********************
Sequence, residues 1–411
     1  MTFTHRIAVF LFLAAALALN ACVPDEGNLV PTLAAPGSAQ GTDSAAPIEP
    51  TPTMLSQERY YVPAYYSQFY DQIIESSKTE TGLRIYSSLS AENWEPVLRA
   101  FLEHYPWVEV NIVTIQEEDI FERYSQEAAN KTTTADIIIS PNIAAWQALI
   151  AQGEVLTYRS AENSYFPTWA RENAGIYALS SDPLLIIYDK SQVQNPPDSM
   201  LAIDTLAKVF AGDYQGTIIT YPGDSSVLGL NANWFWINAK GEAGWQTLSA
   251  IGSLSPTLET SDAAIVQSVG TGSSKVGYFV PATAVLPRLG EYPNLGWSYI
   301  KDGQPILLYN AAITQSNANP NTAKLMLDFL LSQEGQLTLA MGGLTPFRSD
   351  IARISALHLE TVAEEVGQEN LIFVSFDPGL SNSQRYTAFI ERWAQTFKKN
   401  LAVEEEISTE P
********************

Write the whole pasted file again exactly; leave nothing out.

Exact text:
Sequence, residues 1–411
     1  MTFTHRIAVF LFLAAALALN ACVPDEGNLV PTLAAPGSAQ GTDSAAPIEP
    51  TPTMLSQERY YVPAYYSQFY DQIIESSKTE TGLRIYSSLS AENWEPVLRA
   101  FLEHYPWVEV NIVTIQEEDI FERYSQEAAN KTTTADIIIS PNIAAWQALI
   151  AQGEVLTYRS AENSYFPTWA RENAGIYALS SDPLLIIYDK SQVQNPPDSM
   201  LAIDTLAKVF AGDYQGTIIT YPGDSSVLGL NANWFWINAK GEAGWQTLSA
   251  IGSLSPTLET SDAAIVQSVG TGSSKVGYFV PATAVLPRLG EYPNLGWSYI
   301  KDGQPILLYN AAITQSNANP NTAKLMLDFL LSQEGQLTLA MGGLTPFRSD
   351  IARISALHLE TVAEEVGQEN LIFVSFDPGL SNSQRYTAFI ERWAQTFKKN
   401  LAVEEEISTE P